How do we fight misinformation? How do we counter our own nature that transcends our best intentions? Dr. Sarah De Nigris, a Network Science Physicist at the University of Koblenz and Landau, deals with the topics of e-Democracy and misinformation. She argues that the internet doesn’t exactly make misinformation worse but just – in nitpicky terms – more visible. The “making it worse” part is therefore hard-wired into people’s minds, rather than being a product of opportunistic website algorithms or troll overlords. It is proven by much research that we jump at sinister types of stimulation, in which our brain delights with enthusiasm that is rather close to squealing glee. These dark sides of human nature have been vividly exposed by psychologists.
Monitoring the dissemination of facts, and the creation of facts by each other in society is without a doubt crucial for the prevention of misinformation. However, we must also understand the human role in wanting to believe and spread misinformation: it is only natural to seek the affirmation of beliefs. For the long term, a truly realistic fact-checking system will have to account for the subjectivity of truth and the relativity of fact. For example, the narration of the same event by a leftist partisan will never align with that of a rightist one, which creates conflict in classifying facts. We have a long way to go, and the waves of emotions strike harder in the ever-expanding tides of information. We begin to face this challenge correctly only by acknowledging the greatest source of misinformation: not bots, not the Internet, not social media, but ourselves.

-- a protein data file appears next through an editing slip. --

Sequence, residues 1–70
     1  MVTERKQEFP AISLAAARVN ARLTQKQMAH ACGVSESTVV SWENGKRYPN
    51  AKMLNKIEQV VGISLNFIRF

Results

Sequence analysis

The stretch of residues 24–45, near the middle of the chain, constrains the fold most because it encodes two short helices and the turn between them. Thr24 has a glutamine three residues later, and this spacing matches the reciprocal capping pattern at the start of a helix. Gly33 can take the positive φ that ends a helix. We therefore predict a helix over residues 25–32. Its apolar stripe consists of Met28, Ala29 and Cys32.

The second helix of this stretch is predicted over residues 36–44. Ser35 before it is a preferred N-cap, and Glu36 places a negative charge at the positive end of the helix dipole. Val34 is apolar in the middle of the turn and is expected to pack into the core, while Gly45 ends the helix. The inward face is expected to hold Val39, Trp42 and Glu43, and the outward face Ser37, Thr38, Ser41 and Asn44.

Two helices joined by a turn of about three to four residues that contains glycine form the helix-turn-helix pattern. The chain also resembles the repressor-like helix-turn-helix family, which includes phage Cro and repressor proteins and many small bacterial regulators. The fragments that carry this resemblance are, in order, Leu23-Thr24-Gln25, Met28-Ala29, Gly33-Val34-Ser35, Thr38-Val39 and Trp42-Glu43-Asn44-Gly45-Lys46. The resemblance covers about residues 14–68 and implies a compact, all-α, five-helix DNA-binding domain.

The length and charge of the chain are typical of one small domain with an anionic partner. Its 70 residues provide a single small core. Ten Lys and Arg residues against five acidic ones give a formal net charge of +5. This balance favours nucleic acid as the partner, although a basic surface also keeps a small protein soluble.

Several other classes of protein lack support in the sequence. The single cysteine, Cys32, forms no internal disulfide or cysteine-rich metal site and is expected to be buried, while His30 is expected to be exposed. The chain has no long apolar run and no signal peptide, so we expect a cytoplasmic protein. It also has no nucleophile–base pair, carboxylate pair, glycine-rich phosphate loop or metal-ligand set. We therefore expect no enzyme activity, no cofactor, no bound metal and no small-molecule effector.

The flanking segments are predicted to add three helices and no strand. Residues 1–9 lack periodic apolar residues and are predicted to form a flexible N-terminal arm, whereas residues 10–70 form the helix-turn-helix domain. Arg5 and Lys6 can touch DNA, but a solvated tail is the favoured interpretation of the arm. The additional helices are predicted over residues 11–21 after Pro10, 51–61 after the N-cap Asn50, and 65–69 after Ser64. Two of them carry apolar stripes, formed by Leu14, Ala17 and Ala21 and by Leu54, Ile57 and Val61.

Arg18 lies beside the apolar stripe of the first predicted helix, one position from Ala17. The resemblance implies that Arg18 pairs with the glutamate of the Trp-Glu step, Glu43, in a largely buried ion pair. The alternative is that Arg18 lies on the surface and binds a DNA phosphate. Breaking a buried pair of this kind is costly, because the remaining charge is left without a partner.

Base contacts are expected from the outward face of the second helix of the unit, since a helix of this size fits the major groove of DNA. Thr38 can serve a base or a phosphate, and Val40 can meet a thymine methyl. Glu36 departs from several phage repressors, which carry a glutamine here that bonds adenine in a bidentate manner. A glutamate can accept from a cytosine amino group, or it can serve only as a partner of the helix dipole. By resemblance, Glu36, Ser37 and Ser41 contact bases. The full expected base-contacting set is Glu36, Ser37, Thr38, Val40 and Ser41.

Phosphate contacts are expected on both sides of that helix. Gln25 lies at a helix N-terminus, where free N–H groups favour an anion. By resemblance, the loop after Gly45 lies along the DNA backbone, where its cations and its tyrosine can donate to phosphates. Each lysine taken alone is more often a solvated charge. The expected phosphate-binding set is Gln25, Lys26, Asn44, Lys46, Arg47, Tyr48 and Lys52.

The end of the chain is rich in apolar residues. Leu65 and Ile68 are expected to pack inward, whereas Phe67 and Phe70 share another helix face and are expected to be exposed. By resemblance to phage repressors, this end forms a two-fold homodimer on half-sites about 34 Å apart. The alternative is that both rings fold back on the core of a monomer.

The Co-Inform Research Project brings together a multidisciplinary team of scientists and practitioners to combat misinformation. Beyond creating opportunities for humans to automate the detection and correction of disinformation, it also aspires to shed light on motives and mindsets. Instead of the glum prospect of a post-truth era, we take a more optimistic view: we cannot force consensus, but we can strive for transparency.
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Co-inform project is co-funded by Horizon 2020 – the Framework Programme for Research and Innovation (2014-2020)
H2020-SC6-CO-CREATION-2016-2017 (CO-CREATION FOR GROWTH AND INCLUSION)
Type of action: RIA (Research and Innovation action)
Proposal number: 770302